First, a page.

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New figures show disputes on the rise for architects

The number of disputes involving architects has risen during the last 12 months, according to a new survey of the UK construction industry

The study by the NBS reveals that more than 20 per cent of architectural practices had one or more contract in dispute in 2012 – up from 17 per cent in 2011.

This is just below the figure for the whole construction industry, which currently stands at 30 per cent.

Number of architects' contracts entering dispute

Number of architects’ contracts entering dispute

The value of architectural projects entering into dispute has also increased in the past year – from just 2 per cent of projects over £5 million in 2011, to 10 per cent in 2012.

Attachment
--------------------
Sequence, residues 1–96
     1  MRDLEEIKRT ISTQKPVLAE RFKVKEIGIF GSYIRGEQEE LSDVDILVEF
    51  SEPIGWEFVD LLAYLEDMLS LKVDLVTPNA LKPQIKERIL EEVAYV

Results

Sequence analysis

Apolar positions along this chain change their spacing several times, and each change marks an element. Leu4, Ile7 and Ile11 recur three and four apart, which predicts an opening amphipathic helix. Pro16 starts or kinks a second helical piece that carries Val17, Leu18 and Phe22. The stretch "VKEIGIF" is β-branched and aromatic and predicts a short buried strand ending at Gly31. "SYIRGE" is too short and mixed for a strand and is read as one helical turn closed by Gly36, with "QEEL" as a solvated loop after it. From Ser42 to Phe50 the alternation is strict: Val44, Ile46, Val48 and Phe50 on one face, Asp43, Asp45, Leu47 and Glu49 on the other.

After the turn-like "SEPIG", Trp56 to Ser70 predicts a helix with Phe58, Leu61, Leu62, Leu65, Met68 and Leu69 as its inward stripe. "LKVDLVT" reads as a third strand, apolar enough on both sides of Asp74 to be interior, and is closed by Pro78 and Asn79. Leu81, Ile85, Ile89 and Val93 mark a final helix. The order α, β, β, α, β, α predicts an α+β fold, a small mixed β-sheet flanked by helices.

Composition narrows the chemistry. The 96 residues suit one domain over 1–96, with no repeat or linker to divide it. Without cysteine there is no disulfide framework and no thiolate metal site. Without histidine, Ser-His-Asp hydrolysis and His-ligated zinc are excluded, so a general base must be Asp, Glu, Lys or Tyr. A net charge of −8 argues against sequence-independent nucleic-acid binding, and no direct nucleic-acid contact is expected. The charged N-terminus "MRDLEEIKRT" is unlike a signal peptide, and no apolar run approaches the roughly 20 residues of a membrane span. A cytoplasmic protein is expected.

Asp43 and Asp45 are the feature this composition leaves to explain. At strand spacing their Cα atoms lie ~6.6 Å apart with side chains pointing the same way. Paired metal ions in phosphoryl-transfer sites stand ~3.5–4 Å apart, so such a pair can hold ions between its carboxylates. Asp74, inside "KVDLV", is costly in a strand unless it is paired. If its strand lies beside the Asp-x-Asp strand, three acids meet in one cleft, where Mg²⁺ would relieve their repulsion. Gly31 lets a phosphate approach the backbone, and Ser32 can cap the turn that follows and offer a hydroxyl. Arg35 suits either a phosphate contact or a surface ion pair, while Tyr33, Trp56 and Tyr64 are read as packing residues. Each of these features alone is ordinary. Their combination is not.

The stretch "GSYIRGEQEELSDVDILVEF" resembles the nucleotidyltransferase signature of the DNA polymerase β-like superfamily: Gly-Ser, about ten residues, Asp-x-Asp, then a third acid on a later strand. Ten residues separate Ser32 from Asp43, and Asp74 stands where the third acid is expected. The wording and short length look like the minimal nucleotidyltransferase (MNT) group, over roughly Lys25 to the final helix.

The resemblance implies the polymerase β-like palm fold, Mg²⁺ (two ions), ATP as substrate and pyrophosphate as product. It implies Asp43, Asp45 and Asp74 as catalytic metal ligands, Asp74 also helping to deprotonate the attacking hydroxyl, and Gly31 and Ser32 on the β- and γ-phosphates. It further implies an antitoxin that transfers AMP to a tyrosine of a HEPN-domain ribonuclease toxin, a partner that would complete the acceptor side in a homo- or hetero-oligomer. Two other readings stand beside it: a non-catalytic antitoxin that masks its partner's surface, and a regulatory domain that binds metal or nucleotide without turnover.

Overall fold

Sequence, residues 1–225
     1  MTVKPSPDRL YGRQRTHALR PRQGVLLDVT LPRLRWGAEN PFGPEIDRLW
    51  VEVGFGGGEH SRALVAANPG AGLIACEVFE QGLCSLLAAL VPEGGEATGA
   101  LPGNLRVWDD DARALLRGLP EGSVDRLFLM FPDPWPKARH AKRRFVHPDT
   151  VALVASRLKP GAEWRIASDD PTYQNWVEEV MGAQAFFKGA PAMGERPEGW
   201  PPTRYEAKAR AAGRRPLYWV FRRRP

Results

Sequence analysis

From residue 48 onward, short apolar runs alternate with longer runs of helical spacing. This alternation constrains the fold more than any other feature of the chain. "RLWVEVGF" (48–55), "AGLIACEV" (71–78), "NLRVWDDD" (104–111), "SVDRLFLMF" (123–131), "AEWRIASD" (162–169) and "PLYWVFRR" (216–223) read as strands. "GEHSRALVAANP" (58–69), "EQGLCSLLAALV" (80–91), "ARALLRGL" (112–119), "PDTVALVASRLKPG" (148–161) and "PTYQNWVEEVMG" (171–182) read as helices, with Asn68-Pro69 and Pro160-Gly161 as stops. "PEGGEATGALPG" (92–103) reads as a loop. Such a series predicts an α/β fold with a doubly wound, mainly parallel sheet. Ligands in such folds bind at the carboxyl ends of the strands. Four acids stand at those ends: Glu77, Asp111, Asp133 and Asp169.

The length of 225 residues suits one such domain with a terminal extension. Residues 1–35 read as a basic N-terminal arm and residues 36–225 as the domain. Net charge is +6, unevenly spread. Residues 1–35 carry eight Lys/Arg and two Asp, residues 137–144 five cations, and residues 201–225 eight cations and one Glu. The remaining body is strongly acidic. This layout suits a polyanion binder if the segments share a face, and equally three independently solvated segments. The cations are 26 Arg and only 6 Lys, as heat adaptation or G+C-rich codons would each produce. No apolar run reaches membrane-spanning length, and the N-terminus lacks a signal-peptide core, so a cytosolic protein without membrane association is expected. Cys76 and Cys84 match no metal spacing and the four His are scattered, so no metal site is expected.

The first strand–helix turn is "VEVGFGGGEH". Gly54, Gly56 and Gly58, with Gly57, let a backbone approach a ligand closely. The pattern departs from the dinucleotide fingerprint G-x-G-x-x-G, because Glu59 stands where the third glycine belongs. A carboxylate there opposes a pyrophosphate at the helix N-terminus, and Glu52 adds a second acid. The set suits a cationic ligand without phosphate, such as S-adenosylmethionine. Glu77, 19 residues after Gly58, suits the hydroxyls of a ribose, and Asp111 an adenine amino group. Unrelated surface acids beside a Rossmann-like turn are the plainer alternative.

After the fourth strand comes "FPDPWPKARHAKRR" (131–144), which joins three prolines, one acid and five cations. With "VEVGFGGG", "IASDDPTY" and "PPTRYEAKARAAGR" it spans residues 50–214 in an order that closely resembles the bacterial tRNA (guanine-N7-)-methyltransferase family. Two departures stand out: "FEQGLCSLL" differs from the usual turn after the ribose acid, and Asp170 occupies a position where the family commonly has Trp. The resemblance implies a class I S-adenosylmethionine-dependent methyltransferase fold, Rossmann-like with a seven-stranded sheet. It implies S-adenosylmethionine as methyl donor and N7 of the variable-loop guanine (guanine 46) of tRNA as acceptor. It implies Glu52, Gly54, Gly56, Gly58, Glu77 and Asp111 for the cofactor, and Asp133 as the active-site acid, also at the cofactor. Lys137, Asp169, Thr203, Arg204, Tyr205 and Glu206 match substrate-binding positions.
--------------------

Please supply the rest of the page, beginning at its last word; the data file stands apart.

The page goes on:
Across the construction industry, half of the disputes reported had a value greater than a quarter of a million pounds and 13 per cent had a value in excess of £5 million.

Consultants, including architects, reported that over the past few years the number of non-paying clients, and clients going bankrupt, has dramatically increased as a result of the economic climate.

More than two-thirds of disputes happened during the construction process with the rest occurring after practical completion.

Last year, disputes were most common between the client and the main contractor primarily arising due to extensions of time and contract variations

The survey also revealed how international work has resulted in issues, with language barriers, unfamiliar contract forms, and security of payment causing the most problems for those embarking on international contracts.


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